The 2017 Recognition Ceremony took place on Thursday, November 23 at VanDusen Gardens. It was a celebratory night, with more award recipients than any other previous year. Awards were presented in two categories; Professional Service and Volunteer Service. Being a night of firsts, two of the recipients accepted the Lifetime Achievement Award as a duo, speaking perfectly to the collaboration that characterizes the profession of architecture. The accomplishments of all AIBC volunteers were also celebrated. Six former council members received Certificates of Recognition for their outstanding service on council.
Michelle Rupp, Lieutenant Governor Appointee to AIBC Council, emceed the ceremony and welcomed award presenters Danica Djurkovic Architect AIBC, AIBC CEO Mark Vernon, Michael Geller Architect AIBC and Scott Kemp Architect AIBC to the stage to present awards and certificates.
Certificates of Recognition
Darryl Condon Architect AIBC, Mona Lovgreen Architect AIBC, David Yustin Architect AIBC, Sara Kasaei Architect AIBC, Jordan van Dijk Architectural Technologist AIBC and Scott Kemp Architect AIBC were honoured with Certificates of Recognition for their contributions as AIBC Council Members or Invited Guests to Council.
Volunteer Service Awards
Stefan Aepli Architect AIBC received the CEO Award for Exceptional Volunteer Service.
Stefan Aepli Architect AIBC is Principal and Partner at Francl Architecture in Vancouver, a registered architect in Switzerland and in British Columbia, as well as a LEED Accredited Professional. He is passionate about sharing his knowledge and experience as well as giving back to the community; currently he is mentoring several Intern Architects AIBC. He is a member of the Registration Board and has served as chair on the AIBC’s Qualifications Committee. He volunteers his services as an AIBC Oral Review Panelist and CACB assessor, and is a past member of Advisory Design Panels with the Corporation of Delta and the City of Vancouver.
The next CEO Award for Exceptional Volunteer Service went to John Davidson Architect AIBC.
John Davidson Architect AIBC graduated from the University of Toronto with the RAIC Gold Medal in 1967 and completed
Graduate Studies at MIT under a CMHC Fellowship, receiving his Master in Architecture degree in 1971. John has been actively involved in the AIBC including: member and Chair of the Registration Board, the Liability Insurance Committee, and the Professional Renewal Task Force; member, Vice-President and President of the AIBC Council during which time the council formalized the policy-governance model of the Institute; and recently a decade of service on the Investigations Committee.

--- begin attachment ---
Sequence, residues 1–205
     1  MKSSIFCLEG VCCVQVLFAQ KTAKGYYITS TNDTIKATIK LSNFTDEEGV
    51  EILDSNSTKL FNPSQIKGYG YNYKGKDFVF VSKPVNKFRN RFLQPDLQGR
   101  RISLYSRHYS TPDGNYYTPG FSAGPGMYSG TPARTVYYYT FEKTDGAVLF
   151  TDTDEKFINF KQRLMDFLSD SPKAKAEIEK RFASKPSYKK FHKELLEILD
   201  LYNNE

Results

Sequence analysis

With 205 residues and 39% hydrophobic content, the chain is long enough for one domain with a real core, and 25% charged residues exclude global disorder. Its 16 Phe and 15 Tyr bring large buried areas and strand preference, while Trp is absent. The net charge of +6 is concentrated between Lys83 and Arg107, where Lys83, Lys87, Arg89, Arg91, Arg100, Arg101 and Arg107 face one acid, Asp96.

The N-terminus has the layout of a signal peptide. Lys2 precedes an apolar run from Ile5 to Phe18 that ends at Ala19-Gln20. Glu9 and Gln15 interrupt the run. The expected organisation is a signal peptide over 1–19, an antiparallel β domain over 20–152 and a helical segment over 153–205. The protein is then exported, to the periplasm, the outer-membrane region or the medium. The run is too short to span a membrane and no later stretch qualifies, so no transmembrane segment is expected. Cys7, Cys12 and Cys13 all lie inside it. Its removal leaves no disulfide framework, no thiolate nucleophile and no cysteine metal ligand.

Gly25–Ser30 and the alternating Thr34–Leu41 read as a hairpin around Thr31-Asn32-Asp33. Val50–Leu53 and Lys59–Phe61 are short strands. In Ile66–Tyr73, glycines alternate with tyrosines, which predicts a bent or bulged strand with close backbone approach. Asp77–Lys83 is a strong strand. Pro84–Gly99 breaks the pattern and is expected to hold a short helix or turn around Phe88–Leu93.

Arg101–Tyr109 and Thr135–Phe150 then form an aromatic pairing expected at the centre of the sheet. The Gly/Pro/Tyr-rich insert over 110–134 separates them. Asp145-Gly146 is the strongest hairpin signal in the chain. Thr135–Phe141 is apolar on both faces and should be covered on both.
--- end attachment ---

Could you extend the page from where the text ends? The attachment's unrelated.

Architects AIBC Scott Kemp and Gordon Richards received the Award for Lifetime Volunteer Achievement, and accepted their awards together on stage.
Scott Kemp Architect AIBC obtained a Structural Engineering degree at UBC. He studied architecture at the Mackintosh School of Architecture in Glasgow, Scotland and at the Architectural Association School of Architecture in London, England. He became a member of the Architectural Institute of British Columbia in 1996 and is currently the Principal of Scott Kemp Architect. Scott has demonstrated an enduring commitment to the Institute. A member of AIBC Council from 2007 to 2015, he served as Registrar, Vice President and President; followed by Past President from 2015 to 2017. During his tenure, he advanced the Institute’s mandate through the introduction of reciprocal agreements and the development of a competency matrix. His knowledge, expertise and reliability have been a valuable asset to the many committees he’s served.
In 1982, Gordon Richards Architect AIBC became a member with the Architectural Institute of British Columbia. Two years later, he became a Certified Professional and joined Gage-Babcock & Associates Ltd. (now Jensen Hughes) in 2002 as a specialist in fire safety and code consulting. Gordon’s contribution to the institute merits particular recognition. He was first elected to the AIBC Council in 2004 and joined the Registration Board as Council Liaison. He was appointed Registrar in 2005, and has served in that capacity several times over the past 12 years. He was AIBC Council Vice President in 2009, and President in 2011. He has also been a member of the AIBC Intern Experience Review Committee since 2006 and is particularly interested in the continuing development of the Intern Architect Program.